Why should I study economics at Agnes Scott? 
Economics studies how societies allocate scarce resources in the presence of unlimited wants. Some of the key questions our courses examine include: Why are some countries poor and others rich? Why do some jobs pay high salaries while others pay low wages? What are the effects of government policies, such as tax laws and welfare programs?

The economics major at Agnes Scott will prepare you for a career in business or non-profit fields by providing a thorough background in economic theory and applications. Some of our students choose go on to graduate programs in economics or public policy while others go to law school. Some alumnae return to school to get an MBA after working for few years.

What will I study? 
Economics majors first take two introductory courses in microeconomics and macroeconomics. These courses introduce the economic way of thinking. Students learn how to apply economic tools to public policy and markets. Majors then take intermediate macroeconomics and microeconomics. In those courses, students use mathematical tools to pose and answer economic questions. Majors also take a course in econometrics in which they learn how to analyze data. These courses are the core of the field.

Students majoring in economics also take at least four elective upper-division courses in the economics department. There are a variety of choices, including Behavioral Economics & Finance, Companies & Competition, Economic Development, International Economics, Law & Economics, and Money & Banking. As seniors, majors take a capstone course in which they do independent economic research using the skills they have learned in earlier courses.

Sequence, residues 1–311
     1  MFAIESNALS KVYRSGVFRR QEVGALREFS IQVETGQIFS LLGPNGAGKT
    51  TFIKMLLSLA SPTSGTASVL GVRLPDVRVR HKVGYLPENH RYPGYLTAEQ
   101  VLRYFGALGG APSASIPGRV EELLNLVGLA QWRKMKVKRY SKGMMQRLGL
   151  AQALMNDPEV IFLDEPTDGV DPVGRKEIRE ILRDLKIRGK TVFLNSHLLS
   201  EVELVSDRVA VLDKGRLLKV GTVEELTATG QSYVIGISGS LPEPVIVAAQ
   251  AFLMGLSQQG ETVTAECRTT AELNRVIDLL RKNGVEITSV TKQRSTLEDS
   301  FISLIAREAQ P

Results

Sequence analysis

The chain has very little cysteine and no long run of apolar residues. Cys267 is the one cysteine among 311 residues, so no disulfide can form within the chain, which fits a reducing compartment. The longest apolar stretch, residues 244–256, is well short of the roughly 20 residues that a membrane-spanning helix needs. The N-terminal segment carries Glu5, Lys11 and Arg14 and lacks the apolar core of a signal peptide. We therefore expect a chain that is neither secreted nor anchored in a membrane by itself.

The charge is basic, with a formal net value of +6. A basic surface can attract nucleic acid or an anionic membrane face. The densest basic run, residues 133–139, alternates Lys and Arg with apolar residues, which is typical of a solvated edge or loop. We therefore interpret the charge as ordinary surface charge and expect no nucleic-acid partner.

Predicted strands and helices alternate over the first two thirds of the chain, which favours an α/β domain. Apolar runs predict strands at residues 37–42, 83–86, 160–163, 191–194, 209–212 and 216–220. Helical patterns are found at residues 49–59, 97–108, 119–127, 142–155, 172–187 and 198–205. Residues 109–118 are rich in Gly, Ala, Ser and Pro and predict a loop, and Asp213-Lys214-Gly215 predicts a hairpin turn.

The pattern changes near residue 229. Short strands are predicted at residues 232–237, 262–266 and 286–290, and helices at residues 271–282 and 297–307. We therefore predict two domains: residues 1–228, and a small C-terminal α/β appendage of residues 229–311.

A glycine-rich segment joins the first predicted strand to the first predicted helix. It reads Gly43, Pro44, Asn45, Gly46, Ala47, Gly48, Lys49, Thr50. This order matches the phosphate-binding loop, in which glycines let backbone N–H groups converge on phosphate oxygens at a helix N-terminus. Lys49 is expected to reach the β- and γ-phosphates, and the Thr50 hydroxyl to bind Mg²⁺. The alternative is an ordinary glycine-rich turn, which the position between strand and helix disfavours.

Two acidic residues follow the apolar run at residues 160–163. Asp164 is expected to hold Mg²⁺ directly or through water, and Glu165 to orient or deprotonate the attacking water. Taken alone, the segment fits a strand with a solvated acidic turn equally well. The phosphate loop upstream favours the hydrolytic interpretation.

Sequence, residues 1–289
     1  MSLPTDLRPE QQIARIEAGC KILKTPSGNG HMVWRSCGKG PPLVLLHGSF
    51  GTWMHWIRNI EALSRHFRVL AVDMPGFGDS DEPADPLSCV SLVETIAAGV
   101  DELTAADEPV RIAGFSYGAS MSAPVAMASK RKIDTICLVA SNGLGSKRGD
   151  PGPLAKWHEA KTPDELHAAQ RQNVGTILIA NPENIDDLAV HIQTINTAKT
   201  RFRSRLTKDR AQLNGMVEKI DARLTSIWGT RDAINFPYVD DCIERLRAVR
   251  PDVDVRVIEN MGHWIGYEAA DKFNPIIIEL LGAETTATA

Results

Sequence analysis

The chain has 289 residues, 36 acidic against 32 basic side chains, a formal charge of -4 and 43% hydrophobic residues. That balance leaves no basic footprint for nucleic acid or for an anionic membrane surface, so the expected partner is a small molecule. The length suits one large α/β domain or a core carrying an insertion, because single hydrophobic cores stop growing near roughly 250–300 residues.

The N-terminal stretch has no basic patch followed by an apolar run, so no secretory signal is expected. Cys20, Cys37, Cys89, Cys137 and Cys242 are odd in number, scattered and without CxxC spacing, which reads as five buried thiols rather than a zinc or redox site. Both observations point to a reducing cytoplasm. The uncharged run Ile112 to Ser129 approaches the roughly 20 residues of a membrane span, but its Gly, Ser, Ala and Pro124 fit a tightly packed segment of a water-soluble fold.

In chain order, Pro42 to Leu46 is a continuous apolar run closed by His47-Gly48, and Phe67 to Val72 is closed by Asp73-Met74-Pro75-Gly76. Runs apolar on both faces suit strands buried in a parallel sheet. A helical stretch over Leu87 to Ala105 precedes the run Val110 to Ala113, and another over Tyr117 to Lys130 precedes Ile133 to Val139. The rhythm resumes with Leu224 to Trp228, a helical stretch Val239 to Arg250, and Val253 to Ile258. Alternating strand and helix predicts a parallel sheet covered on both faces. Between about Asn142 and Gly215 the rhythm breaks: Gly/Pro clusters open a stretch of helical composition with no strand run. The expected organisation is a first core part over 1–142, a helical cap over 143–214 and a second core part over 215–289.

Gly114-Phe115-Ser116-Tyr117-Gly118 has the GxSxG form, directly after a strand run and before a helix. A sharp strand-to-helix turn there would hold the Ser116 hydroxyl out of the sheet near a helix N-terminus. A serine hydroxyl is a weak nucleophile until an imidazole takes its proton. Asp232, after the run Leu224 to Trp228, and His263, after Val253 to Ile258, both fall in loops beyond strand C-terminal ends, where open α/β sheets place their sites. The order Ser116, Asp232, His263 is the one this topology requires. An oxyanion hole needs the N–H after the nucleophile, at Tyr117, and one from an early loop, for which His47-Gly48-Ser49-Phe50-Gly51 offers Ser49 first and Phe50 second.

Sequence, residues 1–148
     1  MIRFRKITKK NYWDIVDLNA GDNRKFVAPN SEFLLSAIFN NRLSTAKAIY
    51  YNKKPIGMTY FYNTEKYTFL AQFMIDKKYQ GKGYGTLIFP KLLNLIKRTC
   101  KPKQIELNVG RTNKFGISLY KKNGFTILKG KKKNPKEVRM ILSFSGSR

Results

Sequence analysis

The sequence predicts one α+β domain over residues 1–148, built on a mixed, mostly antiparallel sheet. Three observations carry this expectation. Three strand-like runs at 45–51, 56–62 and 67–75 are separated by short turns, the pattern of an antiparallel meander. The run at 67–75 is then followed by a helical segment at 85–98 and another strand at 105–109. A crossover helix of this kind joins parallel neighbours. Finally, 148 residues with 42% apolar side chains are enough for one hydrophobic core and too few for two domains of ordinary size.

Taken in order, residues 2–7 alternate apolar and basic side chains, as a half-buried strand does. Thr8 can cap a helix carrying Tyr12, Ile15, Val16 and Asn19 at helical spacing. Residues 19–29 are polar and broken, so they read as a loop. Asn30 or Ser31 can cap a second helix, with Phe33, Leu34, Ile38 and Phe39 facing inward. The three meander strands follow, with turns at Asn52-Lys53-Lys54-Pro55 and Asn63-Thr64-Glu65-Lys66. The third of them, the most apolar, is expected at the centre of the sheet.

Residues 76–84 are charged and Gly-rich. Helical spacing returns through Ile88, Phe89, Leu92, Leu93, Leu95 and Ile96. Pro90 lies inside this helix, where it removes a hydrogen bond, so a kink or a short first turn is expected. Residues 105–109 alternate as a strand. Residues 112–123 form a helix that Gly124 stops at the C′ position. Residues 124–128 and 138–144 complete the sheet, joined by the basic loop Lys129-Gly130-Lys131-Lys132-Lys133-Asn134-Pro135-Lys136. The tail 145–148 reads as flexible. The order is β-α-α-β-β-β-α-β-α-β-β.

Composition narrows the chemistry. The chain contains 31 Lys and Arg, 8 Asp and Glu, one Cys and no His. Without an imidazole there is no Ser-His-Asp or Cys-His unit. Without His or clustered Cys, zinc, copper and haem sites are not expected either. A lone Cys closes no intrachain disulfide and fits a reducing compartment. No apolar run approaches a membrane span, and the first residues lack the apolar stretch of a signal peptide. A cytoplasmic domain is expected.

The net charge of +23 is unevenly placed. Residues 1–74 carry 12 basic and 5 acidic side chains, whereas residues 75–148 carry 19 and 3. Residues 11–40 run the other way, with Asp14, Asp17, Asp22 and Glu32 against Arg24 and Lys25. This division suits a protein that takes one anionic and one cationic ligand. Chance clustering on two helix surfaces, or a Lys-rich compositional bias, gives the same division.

What can I do with this degree? 

Major Student Learning Objectives - Students graduating with an Economics major from Agnes Scott College will be able to:

  • identify the role of supply and demand in a market economy and the necessary conditions for market economies to function well;
  • discuss the advantages and limitations of a market system and the role of prices in achieving efficiency;
  • have a working understanding of regulatory, fiscal and monetary policy;
  • identify policy options and assess the likelihood they would improve economic growth and efficiency;
  • apply economic theory to a range of economic problems and effectively communicate her analysis;
  • demonstrate the ability to define and analyze economic problems using graphical, algebraic and statistical methods;
  • identify the benefits and costs of a global economy;
  • undertake basic research, including conducting a survey of the literature, gathering and analyzing data, interpreting results, and drawing policy implications.

With the hands-on, experiential learning inherent in the economics major, you will acquire a well-rounded skill set. As a graduate, you can:

  • Pursue advanced study at the graduate level    
  • Work as an economic analyst    
  • Work in the corporate world as a business analyst    
  • Become a financial planner    
  • Start your own business